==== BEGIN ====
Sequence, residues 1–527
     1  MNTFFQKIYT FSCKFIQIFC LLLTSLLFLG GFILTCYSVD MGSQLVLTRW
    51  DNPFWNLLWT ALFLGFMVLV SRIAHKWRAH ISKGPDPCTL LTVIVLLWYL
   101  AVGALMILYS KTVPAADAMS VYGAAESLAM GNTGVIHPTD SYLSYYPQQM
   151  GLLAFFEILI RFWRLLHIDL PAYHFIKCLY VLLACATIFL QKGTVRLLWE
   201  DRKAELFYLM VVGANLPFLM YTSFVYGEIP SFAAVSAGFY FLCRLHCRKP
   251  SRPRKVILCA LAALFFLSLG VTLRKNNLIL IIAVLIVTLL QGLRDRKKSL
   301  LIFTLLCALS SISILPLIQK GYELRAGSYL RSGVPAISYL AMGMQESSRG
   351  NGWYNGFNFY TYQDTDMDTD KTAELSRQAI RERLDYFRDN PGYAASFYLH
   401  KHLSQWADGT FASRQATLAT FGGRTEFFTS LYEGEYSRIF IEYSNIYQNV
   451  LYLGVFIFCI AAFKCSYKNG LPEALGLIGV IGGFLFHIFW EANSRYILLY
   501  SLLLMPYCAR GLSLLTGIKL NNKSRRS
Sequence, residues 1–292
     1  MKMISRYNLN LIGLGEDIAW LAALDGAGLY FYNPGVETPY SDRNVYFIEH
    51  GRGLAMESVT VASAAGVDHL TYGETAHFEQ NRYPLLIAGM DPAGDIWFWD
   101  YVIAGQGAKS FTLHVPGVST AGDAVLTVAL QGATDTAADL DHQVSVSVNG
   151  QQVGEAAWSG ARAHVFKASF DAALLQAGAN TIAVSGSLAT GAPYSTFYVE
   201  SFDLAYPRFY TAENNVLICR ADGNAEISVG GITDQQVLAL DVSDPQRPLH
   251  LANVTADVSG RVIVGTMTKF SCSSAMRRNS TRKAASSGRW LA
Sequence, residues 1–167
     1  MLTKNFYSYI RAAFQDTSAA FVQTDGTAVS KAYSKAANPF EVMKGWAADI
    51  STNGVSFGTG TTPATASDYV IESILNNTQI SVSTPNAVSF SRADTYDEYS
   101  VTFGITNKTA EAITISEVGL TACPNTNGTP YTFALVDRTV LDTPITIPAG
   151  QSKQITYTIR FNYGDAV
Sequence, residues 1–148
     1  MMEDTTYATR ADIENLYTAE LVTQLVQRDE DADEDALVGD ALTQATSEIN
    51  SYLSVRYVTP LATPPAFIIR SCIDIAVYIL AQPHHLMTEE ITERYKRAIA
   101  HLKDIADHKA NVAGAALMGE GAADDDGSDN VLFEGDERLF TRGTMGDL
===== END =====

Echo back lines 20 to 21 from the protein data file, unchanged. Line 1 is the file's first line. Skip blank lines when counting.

Sequence, residues 1–167
     1  MLTKNFYSYI RAAFQDTSAA FVQTDGTAVS KAYSKAANPF EVMKGWAADI